Opening in Maryland put Prevailion close to the talent that developed around the federal government’s intelligence community. More than a year later, the company is growing a team that’s applying the methods used by nations to provide business intelligence.
The company’s local presence started with a win: It was one of the two firms that topped last year’s DataTribe Challenge. Run by Fulton-based startup studio DataTribe, the competition sought out companies nationwide and led to DataTribe investing $1.7 million in Prevailion. (A second edition will determine this year’s Challenge winners next month.)
Founding the company in 2017 in Houston, Texas, CEO Karim Hijazi brought experience building a company after founding data leak intelligence firm Unveillance, which was acquired by Mandiant in 2012, as well as software development firm Quantomic.
Prevailion developed an approach that provides intelligence to a company about whether a data compromise is affecting a third party that it works with, meaning a partner or a supply chain used by a company.
“Prevailion has successfully been able to build a platform that has been able to give customers an ability to look at the periphery,” Hijazi said.
The company isn’t aggregating other data or scanning vulnerabilities, Hijazi said, but is rather seeking evidence by looking at the infrastructure of a bad actor.
“We’re looking for active compromise of these entities over a period of time,” he said.
For business leaders, many decisions about protecting data are a question of risk, so businesses are seeking info about how what’s happening around them could affect them.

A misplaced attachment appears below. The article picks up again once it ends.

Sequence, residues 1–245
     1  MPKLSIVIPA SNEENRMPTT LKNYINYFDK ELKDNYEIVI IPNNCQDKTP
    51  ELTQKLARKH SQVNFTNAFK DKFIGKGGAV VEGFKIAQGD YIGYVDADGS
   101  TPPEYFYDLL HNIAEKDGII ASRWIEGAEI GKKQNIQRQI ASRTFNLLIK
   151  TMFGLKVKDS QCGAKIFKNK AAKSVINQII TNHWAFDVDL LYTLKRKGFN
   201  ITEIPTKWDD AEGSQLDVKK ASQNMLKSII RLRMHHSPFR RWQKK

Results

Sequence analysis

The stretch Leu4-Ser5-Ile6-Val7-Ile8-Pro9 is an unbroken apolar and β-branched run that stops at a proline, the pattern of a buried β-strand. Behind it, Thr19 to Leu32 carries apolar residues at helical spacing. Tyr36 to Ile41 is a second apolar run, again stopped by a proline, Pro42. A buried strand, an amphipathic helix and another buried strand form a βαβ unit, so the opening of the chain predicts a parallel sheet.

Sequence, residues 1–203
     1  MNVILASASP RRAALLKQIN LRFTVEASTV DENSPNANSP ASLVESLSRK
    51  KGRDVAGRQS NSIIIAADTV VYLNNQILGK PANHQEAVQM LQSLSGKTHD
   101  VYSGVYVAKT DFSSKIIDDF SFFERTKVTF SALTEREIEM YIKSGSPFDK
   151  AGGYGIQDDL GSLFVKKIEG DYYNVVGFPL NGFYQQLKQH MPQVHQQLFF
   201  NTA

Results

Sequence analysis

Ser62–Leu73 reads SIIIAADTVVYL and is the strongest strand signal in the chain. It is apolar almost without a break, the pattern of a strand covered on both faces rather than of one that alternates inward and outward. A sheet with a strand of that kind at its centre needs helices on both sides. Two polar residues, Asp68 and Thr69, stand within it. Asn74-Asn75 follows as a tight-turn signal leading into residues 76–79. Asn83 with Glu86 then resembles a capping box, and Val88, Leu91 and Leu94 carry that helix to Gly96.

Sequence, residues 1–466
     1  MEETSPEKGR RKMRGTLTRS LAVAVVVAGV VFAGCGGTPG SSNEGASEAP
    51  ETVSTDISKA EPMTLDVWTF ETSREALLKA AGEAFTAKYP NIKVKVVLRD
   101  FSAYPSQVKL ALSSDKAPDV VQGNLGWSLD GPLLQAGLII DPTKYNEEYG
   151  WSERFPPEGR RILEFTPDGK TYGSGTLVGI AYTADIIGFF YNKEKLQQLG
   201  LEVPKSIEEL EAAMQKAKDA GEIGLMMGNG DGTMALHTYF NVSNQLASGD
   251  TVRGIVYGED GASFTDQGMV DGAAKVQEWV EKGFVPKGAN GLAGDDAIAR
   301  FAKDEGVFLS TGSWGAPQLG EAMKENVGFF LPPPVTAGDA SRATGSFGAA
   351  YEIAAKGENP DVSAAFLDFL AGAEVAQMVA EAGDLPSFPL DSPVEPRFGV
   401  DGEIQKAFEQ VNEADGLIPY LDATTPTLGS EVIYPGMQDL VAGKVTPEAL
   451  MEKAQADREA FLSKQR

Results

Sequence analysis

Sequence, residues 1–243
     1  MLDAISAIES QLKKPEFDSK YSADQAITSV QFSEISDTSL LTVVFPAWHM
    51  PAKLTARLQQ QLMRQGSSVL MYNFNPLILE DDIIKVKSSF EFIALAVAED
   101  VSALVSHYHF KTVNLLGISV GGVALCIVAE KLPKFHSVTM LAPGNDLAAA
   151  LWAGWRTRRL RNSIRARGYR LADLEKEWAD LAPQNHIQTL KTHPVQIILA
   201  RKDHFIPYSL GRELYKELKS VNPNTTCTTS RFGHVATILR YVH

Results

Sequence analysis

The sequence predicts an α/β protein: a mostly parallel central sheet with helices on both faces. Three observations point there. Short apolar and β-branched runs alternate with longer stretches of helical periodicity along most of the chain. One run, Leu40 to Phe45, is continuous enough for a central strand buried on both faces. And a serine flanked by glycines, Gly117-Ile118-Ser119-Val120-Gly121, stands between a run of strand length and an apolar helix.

It can also be part of due diligence, Hijazi said. For instance, if a company is looking to acquire or merge with another company, Prevailion seeks evidence to help companies understand whether a compromise has happened prior to the deal.
Looking to work with financial, healthcare and defense companies, Prevailion closed on $10 million in Series A funding led by Allegis Cyber, a venture firm with offices in Maryland and Silicon Valley, as well as DataTribe, in July.
Since May, it expanded from eight to 23 employees, and the company moved from DataTribe’s space in Fulton to new space that opened this year in Columbia’s Merriweather District, the Howard Hughes Corporation development that will also be home to a group of cyber companies including Tenable. It’s looking to continue to grow in Maryland, which Hijazi said has bolstered hiring that can fit with the high-growth trajectory.
“It fostered a tremendous ability for us to get great talent very quickly,” he said.
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